Monday, February 3, 2014

Super Bowl XLVIII: Looking at Bruce Irvin, Former Mountaineers to win Super Bowl


With Seattle’s 43-3 Super Bowl victory over Denver, linebacker Bruce Irvin added his name to the list of former West Virginia Mountaineers to raise the Lombardi Trophy at the end of an NFL season.

Irvin collected only two solo tackles in a very limited role during the game as the Seahawks’ linebacker harassed Peyton Manning on crucial downs for the Broncos.

The lopsided victory over the Broncos was the biggest lopsided final score in Super Bowl history since the Dallas Cowboys’ 52-17 blowout of the Buffalo Bills at Super Bowl XXVII in 1993.

In the past 25 years,, there have been many Mountaineer football alumni to go from winning in the Old Gold and Blue to biggest stage in football at Super Bowl.
 
Prior to the win with Seattle last night, you would have to go back nearly a decade to Super Bowl XL to find a former Mountaineer on the roster of a championship team.
Offensive tackle Selvish Capers and linebacker Mortty Ivy each won Super Bowl rings with the Giants and Steelers, but were members of the two franchises’ practice squads.
Defensive back Mike Logan was the aforementioned most recent Mountaineer to be a part of the Pittsburgh Steelers’ fifth championship season in 2005, which he collected seven tackles and a forced fumble in only three games.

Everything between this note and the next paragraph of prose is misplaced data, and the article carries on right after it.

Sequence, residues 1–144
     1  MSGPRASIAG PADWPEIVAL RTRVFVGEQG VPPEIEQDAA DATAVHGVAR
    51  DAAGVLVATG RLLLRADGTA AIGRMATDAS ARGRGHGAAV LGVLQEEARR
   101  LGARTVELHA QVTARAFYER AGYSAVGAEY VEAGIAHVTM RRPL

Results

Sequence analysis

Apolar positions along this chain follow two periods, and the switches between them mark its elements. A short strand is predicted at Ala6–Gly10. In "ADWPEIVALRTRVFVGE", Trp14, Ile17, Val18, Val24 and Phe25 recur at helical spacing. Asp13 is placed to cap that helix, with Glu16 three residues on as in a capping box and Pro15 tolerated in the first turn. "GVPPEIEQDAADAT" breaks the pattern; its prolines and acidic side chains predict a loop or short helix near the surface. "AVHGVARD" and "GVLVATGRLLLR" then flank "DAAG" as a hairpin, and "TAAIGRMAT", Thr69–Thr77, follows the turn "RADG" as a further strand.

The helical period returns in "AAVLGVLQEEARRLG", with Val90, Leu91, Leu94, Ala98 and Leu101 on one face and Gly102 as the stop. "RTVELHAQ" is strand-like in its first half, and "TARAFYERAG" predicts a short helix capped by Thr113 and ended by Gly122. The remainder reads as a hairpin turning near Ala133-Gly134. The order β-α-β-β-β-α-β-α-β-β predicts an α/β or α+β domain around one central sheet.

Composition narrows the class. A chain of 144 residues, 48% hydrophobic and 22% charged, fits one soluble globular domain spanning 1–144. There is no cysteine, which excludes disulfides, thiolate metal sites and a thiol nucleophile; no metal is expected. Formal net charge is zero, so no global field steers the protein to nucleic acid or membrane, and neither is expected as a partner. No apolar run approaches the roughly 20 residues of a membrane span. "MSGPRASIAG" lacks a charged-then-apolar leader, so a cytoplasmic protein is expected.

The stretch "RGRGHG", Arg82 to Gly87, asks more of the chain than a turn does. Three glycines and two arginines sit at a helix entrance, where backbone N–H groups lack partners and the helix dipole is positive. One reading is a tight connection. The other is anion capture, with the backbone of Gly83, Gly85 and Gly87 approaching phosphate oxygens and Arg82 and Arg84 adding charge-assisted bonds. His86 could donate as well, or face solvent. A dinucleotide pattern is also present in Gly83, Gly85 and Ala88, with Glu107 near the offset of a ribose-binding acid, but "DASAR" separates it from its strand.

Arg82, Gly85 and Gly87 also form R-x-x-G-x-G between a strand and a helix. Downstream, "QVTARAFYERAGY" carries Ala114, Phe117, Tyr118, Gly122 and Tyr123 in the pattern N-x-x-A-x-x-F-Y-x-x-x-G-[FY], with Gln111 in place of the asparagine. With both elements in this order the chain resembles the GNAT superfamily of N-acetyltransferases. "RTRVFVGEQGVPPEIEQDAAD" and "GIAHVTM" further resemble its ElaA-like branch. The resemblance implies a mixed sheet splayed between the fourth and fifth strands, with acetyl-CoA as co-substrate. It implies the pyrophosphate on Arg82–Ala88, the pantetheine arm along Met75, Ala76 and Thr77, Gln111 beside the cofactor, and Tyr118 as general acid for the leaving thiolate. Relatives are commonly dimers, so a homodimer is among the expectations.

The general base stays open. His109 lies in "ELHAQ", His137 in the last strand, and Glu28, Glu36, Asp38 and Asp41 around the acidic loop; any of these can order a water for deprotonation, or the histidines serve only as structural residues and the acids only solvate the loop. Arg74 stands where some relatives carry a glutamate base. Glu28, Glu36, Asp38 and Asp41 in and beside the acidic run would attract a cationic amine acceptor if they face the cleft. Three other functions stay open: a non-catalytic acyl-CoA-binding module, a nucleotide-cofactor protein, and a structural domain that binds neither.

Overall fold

During the height of the New England Patriots’ dynasty in the early part of the 2000s, you will find the next former Mountaineer to win a Super Bowl on the offensive line protecting future hall of fame quarterback, Tom Brady.
Mike Compton finished his 12 year career with two Super Bowl trophies as an offensive guard for the Patriots’ 2001 and 2003 championship seasons.
The 2000s was a good decade for former Mountaineers in the Super Bowl, but the 1990s was very scarce for titles outside of the first two years of the final decade of the 20th century.
Travis Curtis and Alvoid Mays, defensive backs for the Redskins, helped Joe Gibbs win his third Super Bowl championship at Super Bowl XXVI, the third title in a ten year span.
In a scene resembling Tom Brady and Drew Bledsoe for the Patriots some years later, Jeff Hostetler took over for an injured Phil Simms for the Giants in 1990 and led New York to 20-19 win in Super Bowl over in-state rival, Buffalo Bills. Defensive end Mike Fox also was a part of the Giants’ championship, but in a very limited role that season.
The future looks bright for West Virginia alumni in the NFL moving forward as Tavon Austin and Stedman Bailey look to help bring the Rams back to prominence in the NFC West. The same will go for Geno Smith and the Jets as the record breaking Mountaineer quarterback takes steps to becoming an elite signal caller in the NFL.
With a young team loaded with talent on both sides of the ball in Seattle, we might just be talking about a second Super Bowl championship for Big Bruce this time next year after the Big Game in Phoenix.
Since we all know, once a Mountaineer, always a Mountaineer.
You can follow ChrisHumphrey on Twitter for random musings about a variety of different topics on a given day.

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